Investment Management Success with Retention Best Practices

While hiring is a necessity, it can be a painful process.

Sure, it's important to identify and attract the kind of talent that can help your business run smoothly and support your future asset growth. But recruiting can also be:

  • time-consuming
  • costly (advertising, hiring employment agencies/headhunters)
  • a distraction from your core daily activities
  • disruptive (must get new hires up to speed and meld them successfully into your existing teams)

RIAs need to get the recruitment process right, but that's just the first step. Once you've employed successful candidates, it's equally important that they don't leave. If they do, you'll have to go through the search-hire-train cycle all over again.

Plus, there are key person risk issues. If trusted team members with valuable skills and in-depth information about your mission-critical operating procedures leave, will your firm still be able to function as normal?

According to The Work Institute, labor bureau studies show the average American will have 11.3 jobs during their working life, and nearly 60% of employees are job hunting. With labor turnover so high, robust yet responsive retention strategies have become critical.

Employee Retention Strategies for RIAs

Compensation will play a major part, of course. In today's price comparison era, where the workforce has become highly mobile, and job security and loyalty on both sides have diminished, a competitive pay and benefits package will go some way to fostering a sense of value (and hopefully fidelity).

Career prospects are another factor. Making the work interesting, varied, and challenging help keep staff engaged. Providing opportunities to expand employees' skills and experience, along with a clear career track and potential for promotion, offer the promise of progression.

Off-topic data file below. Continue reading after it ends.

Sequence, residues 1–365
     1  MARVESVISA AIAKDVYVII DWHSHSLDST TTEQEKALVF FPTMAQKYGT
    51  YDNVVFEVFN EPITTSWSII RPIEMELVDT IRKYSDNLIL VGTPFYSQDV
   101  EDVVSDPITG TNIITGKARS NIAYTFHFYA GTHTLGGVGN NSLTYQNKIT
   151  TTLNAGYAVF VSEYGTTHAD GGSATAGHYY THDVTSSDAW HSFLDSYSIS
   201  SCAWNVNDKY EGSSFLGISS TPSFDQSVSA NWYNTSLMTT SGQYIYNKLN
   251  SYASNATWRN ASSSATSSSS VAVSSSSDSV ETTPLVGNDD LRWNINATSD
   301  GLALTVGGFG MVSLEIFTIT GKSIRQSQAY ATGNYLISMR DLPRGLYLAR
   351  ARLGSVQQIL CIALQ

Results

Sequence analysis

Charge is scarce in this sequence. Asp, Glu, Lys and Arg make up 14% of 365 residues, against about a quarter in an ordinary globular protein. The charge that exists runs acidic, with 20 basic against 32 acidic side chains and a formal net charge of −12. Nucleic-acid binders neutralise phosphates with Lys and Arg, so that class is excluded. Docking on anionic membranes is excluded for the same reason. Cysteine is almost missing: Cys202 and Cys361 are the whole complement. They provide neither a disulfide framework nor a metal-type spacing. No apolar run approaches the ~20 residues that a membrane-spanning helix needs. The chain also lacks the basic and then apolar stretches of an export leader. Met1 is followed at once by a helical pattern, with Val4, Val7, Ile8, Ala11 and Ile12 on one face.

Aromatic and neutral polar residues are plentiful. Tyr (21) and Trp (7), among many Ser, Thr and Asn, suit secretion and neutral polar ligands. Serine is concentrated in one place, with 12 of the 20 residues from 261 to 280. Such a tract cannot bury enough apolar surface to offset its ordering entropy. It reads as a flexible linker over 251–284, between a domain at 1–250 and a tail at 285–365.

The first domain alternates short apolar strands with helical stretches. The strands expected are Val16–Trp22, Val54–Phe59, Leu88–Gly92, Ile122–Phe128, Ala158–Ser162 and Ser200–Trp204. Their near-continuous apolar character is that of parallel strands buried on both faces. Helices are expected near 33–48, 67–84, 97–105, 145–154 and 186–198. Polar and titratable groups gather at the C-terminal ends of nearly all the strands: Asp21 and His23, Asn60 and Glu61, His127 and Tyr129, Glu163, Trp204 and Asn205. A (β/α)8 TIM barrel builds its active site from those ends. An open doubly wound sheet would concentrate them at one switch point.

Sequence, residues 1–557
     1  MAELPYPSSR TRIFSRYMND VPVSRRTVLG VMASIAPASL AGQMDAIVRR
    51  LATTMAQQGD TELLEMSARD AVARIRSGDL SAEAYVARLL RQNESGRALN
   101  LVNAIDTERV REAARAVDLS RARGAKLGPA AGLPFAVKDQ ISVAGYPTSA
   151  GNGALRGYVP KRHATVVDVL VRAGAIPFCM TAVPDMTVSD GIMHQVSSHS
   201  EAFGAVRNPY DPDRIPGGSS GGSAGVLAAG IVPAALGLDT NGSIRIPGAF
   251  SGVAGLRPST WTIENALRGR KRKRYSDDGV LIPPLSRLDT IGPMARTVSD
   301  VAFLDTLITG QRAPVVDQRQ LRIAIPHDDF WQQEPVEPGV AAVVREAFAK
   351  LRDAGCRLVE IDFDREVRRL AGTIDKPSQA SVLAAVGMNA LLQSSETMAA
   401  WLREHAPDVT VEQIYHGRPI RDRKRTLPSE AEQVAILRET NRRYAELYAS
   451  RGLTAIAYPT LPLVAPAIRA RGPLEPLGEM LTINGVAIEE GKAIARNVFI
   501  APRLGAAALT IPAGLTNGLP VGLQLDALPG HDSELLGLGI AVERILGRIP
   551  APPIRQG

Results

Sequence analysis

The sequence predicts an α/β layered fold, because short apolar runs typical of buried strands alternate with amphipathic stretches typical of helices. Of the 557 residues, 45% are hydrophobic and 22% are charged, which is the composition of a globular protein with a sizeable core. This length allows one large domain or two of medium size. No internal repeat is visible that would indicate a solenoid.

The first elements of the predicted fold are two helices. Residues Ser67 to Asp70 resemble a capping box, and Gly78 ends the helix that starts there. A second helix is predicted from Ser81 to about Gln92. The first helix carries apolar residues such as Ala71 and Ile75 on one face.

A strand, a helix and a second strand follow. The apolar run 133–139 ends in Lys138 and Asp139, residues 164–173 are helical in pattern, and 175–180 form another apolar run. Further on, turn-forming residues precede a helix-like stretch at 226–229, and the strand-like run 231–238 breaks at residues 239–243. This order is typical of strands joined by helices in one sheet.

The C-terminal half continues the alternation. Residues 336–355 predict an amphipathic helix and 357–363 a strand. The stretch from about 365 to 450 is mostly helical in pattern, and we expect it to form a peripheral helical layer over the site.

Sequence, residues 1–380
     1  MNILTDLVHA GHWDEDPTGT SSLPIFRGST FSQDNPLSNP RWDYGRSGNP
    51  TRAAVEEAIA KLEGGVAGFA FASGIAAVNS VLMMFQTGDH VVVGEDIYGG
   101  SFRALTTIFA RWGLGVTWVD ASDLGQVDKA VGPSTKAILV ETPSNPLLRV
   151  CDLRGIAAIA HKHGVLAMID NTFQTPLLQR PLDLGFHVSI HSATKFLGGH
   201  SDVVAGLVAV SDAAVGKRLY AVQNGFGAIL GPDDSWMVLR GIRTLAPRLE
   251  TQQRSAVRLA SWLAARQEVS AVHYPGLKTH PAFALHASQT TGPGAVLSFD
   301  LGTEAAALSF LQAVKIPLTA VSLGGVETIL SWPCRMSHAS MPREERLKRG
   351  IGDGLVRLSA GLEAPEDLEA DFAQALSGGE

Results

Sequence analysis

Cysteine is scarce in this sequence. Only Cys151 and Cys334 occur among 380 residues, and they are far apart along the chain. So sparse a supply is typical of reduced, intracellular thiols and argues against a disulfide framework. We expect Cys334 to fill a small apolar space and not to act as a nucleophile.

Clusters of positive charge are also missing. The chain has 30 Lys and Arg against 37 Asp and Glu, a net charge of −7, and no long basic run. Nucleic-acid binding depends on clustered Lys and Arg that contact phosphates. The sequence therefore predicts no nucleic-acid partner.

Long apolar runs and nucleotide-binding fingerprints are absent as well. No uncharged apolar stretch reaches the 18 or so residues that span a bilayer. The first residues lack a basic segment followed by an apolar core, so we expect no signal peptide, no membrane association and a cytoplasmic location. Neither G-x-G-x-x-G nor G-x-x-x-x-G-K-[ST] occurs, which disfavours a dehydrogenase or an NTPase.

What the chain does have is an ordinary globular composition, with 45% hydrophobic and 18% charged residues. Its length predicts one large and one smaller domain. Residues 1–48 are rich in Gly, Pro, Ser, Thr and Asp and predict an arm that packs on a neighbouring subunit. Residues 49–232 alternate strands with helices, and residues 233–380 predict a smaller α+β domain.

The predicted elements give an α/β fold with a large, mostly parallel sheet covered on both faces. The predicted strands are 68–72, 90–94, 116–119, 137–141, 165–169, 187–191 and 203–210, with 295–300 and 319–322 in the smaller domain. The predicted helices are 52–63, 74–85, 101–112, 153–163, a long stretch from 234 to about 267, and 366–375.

But material considerations are not the only element in keeping staff motivated, productive, and loyal.

Post-2008, there's been a brain drain away from the financial industry and toward the tech sector. Why? Pay may be the reason, but it probably isn't the determining one. Consider these factors:

  1. Tech companies are "cool," brings certain personal and social kudos.
  2. The work is creative.
  3. There is typically a health-oriented, fun culture and work environment.
  4. Often there is an emphasis on achieving a better work-life balance (which for many employees is the all-important attribute).

But material considerations are not the only element in keeping staff motivated, productive, and loyal.

These are necessary lessons that all RIAs should heed. Turnover is expensive, and skilled, knowledgeable, efficient employees are gold dust. Companies that ignore retention best practices do so at their peril.

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